March 7, 2018
Check it out:
And please read more about my work with disruptive physicians, healthcare workers and other professionals.
September 24, 2013
My friend and colleague, Mike Plaut, has another paper out (actually it’s still in press) in the Journal of Health Care Law and Policy. Mike’s writing is great – almost conversational – so I always enjoy reading his stuff. In this paper he describes the work he’s been doing for years at the University of Maryland’s Medical School with health care professionals who act out sexually with patients. Similar to the work I do with disruptive professionals, Mike works individually with physicians and other providers rather than working with groups, and he tailors his interventions to the individual. Now, in contrast to most of my work, Mike holds tighter to the role of the academic advisor than therapist or even coach, as he guides the professional through the relevant literature and has them write a paper about the reason for their referral to him. I typically blur the boundary between coach and therapist as I believe there are more similarities between remedial coaching and psychotherapy than differences, and I have found this to be an invaluable approach to my work with physicians, psychologists, nurses, other healthcare providers and other professionals who have gotten themselves into hot water at work, usually because of interpersonal problems.
June 26, 2013
Marty Martin, a former Hopkins guy (I think we only briefly overlapped our tenures there), wrote a nice little piece entitled, Taming Disruptive Behavior for the AGProfessional website. As you can see the concepts we talk about regarding disruptive behavior and disruptive professionals applies as much to agricultural professionals as it does to healthcare, legal or other “white collar” professionals.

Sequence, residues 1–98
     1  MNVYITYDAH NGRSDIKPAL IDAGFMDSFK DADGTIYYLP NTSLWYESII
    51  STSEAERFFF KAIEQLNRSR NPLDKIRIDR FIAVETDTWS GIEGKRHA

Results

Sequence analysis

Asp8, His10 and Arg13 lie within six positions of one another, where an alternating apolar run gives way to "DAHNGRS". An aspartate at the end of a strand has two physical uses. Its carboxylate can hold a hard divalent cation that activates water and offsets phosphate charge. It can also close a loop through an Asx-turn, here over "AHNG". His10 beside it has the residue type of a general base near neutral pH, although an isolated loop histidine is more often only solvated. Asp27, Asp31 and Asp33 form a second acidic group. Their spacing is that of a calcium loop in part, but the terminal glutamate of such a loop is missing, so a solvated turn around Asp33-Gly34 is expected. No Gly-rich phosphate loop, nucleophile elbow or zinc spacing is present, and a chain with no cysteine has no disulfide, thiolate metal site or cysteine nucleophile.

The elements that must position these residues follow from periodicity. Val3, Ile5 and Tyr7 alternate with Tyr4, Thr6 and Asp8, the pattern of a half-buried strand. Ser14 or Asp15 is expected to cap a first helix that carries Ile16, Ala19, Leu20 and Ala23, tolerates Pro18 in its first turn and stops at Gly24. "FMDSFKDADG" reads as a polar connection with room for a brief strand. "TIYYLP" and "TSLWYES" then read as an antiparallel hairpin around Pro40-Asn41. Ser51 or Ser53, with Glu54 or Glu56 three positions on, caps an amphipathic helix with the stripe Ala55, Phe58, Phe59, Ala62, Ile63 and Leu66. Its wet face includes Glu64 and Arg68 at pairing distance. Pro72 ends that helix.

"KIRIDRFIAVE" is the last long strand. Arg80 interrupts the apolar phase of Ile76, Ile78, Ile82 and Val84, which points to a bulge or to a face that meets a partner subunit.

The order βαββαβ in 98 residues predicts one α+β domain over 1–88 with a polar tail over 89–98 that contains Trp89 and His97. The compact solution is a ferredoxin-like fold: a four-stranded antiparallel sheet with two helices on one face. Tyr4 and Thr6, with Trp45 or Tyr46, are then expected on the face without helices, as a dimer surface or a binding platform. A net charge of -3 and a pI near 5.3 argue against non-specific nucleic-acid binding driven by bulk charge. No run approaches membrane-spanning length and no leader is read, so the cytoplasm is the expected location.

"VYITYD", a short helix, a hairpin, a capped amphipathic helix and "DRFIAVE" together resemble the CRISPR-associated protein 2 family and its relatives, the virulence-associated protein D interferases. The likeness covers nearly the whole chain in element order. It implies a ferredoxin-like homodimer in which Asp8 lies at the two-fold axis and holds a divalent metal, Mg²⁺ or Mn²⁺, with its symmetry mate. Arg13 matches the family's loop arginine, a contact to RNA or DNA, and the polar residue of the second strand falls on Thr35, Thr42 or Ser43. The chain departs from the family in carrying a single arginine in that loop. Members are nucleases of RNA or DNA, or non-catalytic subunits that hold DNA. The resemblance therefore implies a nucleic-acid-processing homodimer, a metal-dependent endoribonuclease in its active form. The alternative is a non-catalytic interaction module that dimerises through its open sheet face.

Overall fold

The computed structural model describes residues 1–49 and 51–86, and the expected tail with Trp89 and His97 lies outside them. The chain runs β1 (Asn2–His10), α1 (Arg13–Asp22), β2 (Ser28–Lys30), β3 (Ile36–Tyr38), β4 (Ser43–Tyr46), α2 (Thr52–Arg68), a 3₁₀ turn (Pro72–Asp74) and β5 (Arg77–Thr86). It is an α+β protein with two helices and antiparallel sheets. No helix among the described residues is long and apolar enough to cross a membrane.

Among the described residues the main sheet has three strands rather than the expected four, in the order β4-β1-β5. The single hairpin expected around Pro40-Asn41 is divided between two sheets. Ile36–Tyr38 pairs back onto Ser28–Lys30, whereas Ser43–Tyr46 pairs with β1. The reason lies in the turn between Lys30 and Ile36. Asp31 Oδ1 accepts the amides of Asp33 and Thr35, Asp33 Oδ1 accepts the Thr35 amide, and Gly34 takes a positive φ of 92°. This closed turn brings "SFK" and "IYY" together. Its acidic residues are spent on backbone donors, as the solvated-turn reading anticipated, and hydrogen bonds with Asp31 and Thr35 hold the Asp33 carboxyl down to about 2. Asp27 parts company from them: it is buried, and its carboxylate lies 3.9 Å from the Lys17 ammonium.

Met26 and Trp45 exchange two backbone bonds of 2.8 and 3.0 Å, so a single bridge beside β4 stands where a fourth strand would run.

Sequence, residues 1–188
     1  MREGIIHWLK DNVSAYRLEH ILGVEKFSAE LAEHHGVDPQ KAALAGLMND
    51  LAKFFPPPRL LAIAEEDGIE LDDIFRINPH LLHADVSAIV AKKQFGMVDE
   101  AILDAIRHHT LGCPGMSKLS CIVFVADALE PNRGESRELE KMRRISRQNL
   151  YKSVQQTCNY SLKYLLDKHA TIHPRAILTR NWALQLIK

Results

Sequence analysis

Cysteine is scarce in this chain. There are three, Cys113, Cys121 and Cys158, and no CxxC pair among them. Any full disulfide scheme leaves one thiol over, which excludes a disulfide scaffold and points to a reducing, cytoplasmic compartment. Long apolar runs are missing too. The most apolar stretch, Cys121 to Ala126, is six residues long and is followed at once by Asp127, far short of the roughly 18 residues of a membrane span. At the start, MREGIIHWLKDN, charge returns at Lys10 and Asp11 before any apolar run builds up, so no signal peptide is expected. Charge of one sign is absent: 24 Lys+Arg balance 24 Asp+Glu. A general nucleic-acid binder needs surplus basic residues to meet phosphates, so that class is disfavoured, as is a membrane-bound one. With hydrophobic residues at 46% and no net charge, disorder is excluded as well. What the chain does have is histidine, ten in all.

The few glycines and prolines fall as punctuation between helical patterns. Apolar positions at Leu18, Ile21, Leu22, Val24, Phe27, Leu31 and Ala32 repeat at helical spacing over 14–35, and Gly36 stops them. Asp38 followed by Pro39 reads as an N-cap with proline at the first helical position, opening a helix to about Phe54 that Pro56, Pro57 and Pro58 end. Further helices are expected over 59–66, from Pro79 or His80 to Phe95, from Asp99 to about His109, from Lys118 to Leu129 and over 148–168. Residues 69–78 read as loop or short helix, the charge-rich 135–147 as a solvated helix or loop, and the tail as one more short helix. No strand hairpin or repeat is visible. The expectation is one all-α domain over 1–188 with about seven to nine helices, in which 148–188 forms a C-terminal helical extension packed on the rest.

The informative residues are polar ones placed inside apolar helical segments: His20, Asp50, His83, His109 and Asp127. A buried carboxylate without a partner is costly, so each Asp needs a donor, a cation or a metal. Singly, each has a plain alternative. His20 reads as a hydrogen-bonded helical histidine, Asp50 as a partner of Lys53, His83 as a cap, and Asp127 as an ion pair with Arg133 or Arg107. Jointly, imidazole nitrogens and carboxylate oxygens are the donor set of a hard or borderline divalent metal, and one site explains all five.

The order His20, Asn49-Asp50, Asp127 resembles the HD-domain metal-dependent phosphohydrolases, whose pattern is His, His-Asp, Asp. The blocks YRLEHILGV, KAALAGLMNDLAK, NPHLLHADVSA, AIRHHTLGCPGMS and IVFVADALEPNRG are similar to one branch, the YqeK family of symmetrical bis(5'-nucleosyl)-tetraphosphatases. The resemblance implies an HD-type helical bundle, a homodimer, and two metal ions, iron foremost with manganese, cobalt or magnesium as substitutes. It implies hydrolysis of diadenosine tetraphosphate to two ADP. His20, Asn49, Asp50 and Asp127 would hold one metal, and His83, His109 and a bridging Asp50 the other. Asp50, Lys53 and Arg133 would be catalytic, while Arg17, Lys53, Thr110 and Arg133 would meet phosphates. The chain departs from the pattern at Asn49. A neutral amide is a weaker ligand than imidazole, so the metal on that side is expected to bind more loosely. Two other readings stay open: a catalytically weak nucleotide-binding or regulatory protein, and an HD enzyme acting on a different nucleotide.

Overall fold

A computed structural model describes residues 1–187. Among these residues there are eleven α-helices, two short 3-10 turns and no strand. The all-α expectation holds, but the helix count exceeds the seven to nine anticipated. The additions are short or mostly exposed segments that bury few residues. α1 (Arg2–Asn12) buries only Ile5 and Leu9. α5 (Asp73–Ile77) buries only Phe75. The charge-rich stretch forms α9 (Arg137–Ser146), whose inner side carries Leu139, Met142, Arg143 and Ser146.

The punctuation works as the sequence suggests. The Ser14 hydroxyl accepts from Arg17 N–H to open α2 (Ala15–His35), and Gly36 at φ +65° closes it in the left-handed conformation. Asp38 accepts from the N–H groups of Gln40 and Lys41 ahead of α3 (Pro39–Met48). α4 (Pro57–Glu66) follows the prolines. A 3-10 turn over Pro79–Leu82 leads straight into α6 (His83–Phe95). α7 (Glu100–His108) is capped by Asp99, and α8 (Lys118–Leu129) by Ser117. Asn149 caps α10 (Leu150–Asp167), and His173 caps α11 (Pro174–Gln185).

November 11, 2011
A few years back I was on an Maryland Psychological Association task force committee that worked in partnership with the American Psychological Association to identify and acknowledge organizations that promote conditions of psychologically healthy workplaces. The Psychologically Healthy Workplace Program has a nice newsletter that runs articles that should be of great interest to companies and work organizations interested in improving the mental health, physical health, performance and productivity of their employees.
In a recent newsletter, there was an article about workplace violence – – an area of great interest to me. What I liked about this article was that they gave nice, concrete tips on how to handle situations that might occur in your workplace, and they offered various strategies about how the organization could respond to (and hopefully even prevent) such situations. The article presented ideas that are close in line with what I’ve been recommending to companies for years during my consultations following these events.
April 8, 2011
We’ve all heard about so-called “zero-tolerance” policies. They sound great and seem like they make a lot of sense, but if you think about it, can you really apply such concrete decision making to dealing with human behavior?
In this Washington Post article some “myths” about zero-tolerance policies are exposed. This article was written primarily about the application of such policies in the school setting, I think it touched on many common themes that I deal with when consulting to work organizations. Probably the main point I try to bring home when speaking with a policy maker (or policy implementer) is that “zero-tolerance” does not mean “termination.” It simply means that the organization will not tolerate the identified behavior and it will take some sort of action against the employee, perhaps including risk assessment evaluation, discipline, education, demotion, etc. Of course termination is still an option in these cases, but it is not the only option.